Talkin’ turkey

It’s a few weeks before Thanksgiving, and for the consciously grateful celebrant, it’s time for one thing: Thinking about your main dish.

Somehow, turkey has become synonymous with Thanksgiving. As children, we made our handprints into turkey centerpieces. Heck, even in college, my friends and I won a free pizza by crafting the best turkey in the dorm.

The Thanksgiving turkey has spawned all sorts of spinoffs, from the tofurky to the turducken. The best option for those wanting to low on the hog TVP is to skip the meat entirely — you could serve a Thanksgiving dinner composed solely of side dishes, and honestly, most of us would hardly notice.

Go free-range or better

But if you want to go traditional, consider a free-range, organic or heritage turkey. Traditional poultry often is raised with very little space in closed warehouses. Farmers must declaw or debeak birds to prevent them from hurting each other because of their stress from living in such close quarters. You can learn more about that and the confusing standards for free-range birds here. Even the Humane Society gets in on the act with information to help consumers learn about factory farming and how to lower our impact on the food chain by eating more vegetarian meals.

Be forewarned that if you do choose a free-range bird, you might need to plan ahead. In our area, it’s wise to pre-order from a natural foods store to ensure you get a turkey. And it doesn’t have to be that expensive — while you won’t find any offers for a free bird with a cartload of groceries (what does it say about the animals that they can give them away free?), prices start at not much more than a traditional bird.

What about us?

My family is big on tradition, so we will be cooking a turkey. Mr. Cheap loves the ritual and the rigmarole of brining the turkey the night before so it is moist and delicious.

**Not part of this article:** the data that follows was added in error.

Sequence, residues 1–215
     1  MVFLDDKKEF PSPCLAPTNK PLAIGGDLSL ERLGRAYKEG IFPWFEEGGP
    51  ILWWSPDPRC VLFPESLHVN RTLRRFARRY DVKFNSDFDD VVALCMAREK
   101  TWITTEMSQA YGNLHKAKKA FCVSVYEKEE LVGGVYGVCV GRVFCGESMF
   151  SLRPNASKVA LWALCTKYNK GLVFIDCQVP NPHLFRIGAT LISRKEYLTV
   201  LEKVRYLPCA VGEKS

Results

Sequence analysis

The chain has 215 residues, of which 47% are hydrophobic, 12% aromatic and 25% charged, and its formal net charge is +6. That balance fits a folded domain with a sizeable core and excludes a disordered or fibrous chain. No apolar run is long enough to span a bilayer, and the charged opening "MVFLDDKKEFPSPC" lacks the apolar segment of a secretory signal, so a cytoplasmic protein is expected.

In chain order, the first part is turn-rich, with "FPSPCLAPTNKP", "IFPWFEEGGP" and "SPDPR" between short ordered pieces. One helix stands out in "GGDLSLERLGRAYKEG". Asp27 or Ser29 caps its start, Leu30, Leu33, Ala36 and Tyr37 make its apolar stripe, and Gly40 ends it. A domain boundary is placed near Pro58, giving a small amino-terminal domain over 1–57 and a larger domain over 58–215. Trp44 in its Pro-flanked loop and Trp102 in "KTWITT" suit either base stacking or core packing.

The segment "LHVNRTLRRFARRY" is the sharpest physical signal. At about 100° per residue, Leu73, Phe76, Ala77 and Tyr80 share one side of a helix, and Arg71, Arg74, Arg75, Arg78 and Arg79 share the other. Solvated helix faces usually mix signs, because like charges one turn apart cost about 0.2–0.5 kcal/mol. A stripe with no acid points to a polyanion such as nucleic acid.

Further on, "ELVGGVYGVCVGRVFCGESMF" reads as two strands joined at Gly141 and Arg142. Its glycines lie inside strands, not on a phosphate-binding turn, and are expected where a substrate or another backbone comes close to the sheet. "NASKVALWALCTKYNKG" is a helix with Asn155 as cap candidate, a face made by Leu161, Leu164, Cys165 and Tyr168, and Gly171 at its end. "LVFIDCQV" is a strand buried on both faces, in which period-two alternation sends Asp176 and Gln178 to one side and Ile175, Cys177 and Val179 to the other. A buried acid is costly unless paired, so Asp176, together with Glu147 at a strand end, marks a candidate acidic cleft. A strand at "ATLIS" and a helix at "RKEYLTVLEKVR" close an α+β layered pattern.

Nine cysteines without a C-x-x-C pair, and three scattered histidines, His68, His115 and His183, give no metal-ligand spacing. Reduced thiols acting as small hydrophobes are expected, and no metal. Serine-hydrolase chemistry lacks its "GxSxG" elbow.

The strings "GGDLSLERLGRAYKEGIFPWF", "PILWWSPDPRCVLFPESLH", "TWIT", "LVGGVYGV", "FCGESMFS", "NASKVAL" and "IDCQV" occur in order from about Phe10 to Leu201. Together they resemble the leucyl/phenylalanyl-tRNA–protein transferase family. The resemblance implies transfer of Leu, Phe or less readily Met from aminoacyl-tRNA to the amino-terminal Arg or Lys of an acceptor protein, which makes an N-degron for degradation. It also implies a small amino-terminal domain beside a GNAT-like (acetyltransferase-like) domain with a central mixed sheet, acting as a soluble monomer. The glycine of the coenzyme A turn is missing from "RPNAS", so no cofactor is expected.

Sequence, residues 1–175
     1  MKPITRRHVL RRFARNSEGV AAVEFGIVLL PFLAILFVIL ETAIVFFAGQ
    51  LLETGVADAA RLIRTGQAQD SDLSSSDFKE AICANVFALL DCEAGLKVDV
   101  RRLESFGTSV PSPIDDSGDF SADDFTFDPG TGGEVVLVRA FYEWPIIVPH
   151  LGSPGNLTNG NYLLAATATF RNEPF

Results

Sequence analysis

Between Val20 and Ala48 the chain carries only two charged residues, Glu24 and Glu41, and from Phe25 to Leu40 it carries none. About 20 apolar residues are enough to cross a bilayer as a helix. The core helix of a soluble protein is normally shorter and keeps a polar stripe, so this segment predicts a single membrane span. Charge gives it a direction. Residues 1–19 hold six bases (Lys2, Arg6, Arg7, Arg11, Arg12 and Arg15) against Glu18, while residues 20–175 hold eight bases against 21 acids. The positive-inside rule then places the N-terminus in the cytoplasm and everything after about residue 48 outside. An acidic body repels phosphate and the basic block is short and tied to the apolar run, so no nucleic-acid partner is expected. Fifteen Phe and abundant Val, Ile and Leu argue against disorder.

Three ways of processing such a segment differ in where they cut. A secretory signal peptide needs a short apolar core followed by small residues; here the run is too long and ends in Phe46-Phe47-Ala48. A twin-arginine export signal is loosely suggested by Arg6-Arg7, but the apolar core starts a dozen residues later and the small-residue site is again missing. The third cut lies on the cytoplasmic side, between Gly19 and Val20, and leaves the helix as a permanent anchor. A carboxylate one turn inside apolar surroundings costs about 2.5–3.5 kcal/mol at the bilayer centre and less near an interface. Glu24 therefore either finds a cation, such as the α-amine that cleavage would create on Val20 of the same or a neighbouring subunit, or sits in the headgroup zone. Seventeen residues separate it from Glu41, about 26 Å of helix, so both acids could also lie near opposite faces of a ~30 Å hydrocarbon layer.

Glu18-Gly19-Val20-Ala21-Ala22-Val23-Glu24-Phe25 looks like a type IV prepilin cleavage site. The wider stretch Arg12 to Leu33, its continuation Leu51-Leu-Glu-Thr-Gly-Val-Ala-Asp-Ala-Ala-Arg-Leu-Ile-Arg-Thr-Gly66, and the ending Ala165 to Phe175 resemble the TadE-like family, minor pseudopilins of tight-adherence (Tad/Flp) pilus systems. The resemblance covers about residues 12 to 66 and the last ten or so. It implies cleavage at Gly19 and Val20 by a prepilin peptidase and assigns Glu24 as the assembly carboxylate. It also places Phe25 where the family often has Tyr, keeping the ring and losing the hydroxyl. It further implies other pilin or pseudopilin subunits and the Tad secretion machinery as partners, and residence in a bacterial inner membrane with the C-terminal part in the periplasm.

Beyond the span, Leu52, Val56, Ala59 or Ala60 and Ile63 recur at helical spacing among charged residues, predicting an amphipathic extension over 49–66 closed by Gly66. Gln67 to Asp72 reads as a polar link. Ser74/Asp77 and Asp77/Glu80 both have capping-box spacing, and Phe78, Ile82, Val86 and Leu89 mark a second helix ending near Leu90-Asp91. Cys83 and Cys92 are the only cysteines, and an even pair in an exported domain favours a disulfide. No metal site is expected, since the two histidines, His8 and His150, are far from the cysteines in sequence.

Last year, while en route to a business meeting in a rural area, we took a wrong turn and saw a warehouse full of turkeys housed in wire boxes barely bigger than their bodies, stacked 12 high. My companions clenched their jaws and tried to pretend they hadn’t seen it. When I mentioned it to my family, Little Cheap burst into tears. So we are sticking to our values (and our promise to Little Cheap to eat only meat that has been raised kindly) and special ordering our bird.

What about you? Grocery-store turkey, free-range bird, tofurky, terducken or fleeing the whole scene?

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5 thoughts on “Talkin’ turkey

  1. erin says:

    Definitely free-range, organic etc. etc. My hubby is the turkey master and this year we will be celebrating with my neice. She grew up in Italy so this will be her first Thanksgiving. It should be fun.

  2. badhuman says:

    We ordered a heritage free range turkey online. Not local but maybe next year. The cost is more but I’d rather not have a prison cell bird on my dinner table and I know the farmer’s need the money.

  3. L'an says:

    Depends on what we’re doing for Thanksgiving. If I’m in charge (meaning, no trips to other family abodes with my veg-friendly side dishes in tow) then I’m leaning towards trying out a “celebration roast” from FieldRoast. (I think that’s their name; they make these phenomenally delicious wheat-meat sausages that you can get at Whole Foods–think “apple sage” sausage, not just the Tofurkey Italian or Kielbasa varieties.)

    Last year another family member was in charge of the turkey, and I talked her into opting for a free-range bird, but the general consensus around the table was “ehh, okay but not worth the cost as far as flavor goes.” Much as I wanted to launch into a lecture about food ethics, I held my tongue. But I’m afraid that less-than-stellar reception last year (which in all honesty, could have had as much to do with the chef as with the bird) may have put the kabosh on honoring my future bird requests, especially since I’m not likely to eat more than a tiny slice…

  4. Riin says:

    I’m vegan and will be spending the day alone. I may make myself some mashed potatoes, vegan gravy, vegan stuffing and some zucchini, or I may just make something fast like stir fried eggplant and noodles. Depends what I feel like.

  5. jessimonster says:

    I’d love to do a free range bird, but I have to check prices. We’ve fallen on really rough financial times in the past few weeks, and I don’t know if we really should be buying any turkey. As long as we still do my mom’s stuffing, I’m good though. Mmmmm… stuffing. It still has chicken in it, but it would be less meat, right? I think one day I will work my way down to vegetarian except for this one day of the year.

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